January 16, 2016

Arrested; Development

After much public outcry, an arrest has finally been made in the terrorist occupation of public property by armed militants near Burns, Oregon. A 62-year-old misinformed man by the name of Kenneth Medenbach was arrested on charges of “suspicion of unauthorized use of a motor vehicle, a class C felony punishable by up to five years in prison.” As if things weren’t bad enough for the brain-addled wood carver, he was released pending charges of occupying federal land illegally on the condition that he not occupy any federal land in the future. Oops. And being caught driving around in a federally-owned vehicle reported as stolen is not one of the smarter things Medenbach has done. Two years ago, Medenbach was forced to vacate his business site when local town officials started enforcing solid waste disposal laws. Medenbach was not very good at keeping his property clean, which led to a settlement in which his landlords would agree to give up any hope of recovering the back rent he owed them if he would just leave their property. So he did.

It wasn’t the first time Medenbach had to leave his home. (more…)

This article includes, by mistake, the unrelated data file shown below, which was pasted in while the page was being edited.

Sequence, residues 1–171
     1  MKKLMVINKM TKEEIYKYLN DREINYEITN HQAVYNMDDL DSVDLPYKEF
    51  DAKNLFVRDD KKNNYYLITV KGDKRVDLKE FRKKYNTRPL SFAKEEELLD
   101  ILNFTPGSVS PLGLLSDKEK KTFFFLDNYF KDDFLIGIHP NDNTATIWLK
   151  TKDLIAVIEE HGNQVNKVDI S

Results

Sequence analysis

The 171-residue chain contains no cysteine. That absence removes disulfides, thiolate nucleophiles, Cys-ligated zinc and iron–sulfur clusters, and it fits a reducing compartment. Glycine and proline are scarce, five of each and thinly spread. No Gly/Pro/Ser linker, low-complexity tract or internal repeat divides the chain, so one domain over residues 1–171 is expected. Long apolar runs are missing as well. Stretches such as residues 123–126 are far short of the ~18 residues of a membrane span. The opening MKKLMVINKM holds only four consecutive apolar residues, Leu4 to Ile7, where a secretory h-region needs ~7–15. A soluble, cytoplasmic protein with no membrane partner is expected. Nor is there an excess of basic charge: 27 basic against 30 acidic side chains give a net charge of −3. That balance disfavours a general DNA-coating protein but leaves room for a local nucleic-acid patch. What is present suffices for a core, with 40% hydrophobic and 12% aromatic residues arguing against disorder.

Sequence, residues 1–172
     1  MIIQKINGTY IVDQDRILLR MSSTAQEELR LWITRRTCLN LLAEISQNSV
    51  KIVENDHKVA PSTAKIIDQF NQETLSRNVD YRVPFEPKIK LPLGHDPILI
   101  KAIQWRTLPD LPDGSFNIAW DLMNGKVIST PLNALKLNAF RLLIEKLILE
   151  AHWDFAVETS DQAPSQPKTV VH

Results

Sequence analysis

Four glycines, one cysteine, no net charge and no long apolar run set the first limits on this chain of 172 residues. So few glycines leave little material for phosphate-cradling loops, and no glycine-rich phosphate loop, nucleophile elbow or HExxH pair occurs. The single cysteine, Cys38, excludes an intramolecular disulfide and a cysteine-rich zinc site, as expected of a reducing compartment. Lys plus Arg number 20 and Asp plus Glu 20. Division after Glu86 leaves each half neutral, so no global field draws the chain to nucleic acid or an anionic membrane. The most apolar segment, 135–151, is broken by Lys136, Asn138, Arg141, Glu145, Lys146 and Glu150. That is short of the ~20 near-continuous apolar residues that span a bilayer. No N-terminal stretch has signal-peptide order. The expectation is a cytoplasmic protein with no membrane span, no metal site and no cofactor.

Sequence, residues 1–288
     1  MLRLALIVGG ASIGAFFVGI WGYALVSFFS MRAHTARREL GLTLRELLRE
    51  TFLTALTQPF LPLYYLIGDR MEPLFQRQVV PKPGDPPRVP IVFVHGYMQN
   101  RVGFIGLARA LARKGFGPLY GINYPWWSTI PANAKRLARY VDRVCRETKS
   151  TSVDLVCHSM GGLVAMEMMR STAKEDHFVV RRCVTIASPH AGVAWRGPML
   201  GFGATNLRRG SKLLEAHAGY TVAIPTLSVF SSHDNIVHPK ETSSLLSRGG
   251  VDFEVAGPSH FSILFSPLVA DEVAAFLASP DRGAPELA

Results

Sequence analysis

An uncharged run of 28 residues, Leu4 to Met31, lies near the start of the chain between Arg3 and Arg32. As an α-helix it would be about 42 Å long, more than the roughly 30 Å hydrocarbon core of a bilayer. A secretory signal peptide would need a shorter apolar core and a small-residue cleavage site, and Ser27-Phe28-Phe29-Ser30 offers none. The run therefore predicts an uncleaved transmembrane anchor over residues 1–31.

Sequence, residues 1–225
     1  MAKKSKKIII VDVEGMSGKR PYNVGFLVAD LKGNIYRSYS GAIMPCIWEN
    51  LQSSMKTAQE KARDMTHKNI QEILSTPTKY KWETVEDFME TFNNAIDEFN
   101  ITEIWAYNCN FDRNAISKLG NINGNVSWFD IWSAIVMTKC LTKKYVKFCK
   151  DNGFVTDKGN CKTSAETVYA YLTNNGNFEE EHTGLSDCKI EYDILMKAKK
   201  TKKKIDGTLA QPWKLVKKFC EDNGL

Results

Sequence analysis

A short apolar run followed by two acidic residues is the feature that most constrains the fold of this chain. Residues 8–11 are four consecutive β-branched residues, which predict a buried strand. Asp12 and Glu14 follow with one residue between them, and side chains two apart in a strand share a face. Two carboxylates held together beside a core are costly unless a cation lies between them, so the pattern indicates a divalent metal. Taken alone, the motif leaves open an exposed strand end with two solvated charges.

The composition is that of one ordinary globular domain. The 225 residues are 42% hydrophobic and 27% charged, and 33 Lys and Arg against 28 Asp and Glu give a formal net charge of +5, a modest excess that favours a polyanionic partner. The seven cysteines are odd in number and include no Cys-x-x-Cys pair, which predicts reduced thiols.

January 9, 2016

The Hole In The Head Gang

Filed under: Commentary — Tags: , , , — Wayne A. Schneider @ 1:47 PM

Whenever anyone tells you they are doing what God wants them to do, run. And I don’t mean for president. It’s amazing how many people claim God told to run for the same public office, especially in America, which is officially and constitutionally a secular nation. There were all those Republicans in 2012 who said they heard God calling upon them to run for president. The fact that none of them even came close to winning might suggest in an otherwise free thinking person that maybe those claims of being told by God to run were false. Not lies, exactly, just inaccurate. In fact, it makes a lot more sense to believe Satan told these people to run for high office. Why we never ask them if this was a possibility is beyond me. When you have at least four people standing on a stage each claiming to be there because God told them to run, why just accept that as truth? Why not grill each one and ask them why would God do such a thing? (And why would he tell even more of them to run this time?) It seems to me that an (more…)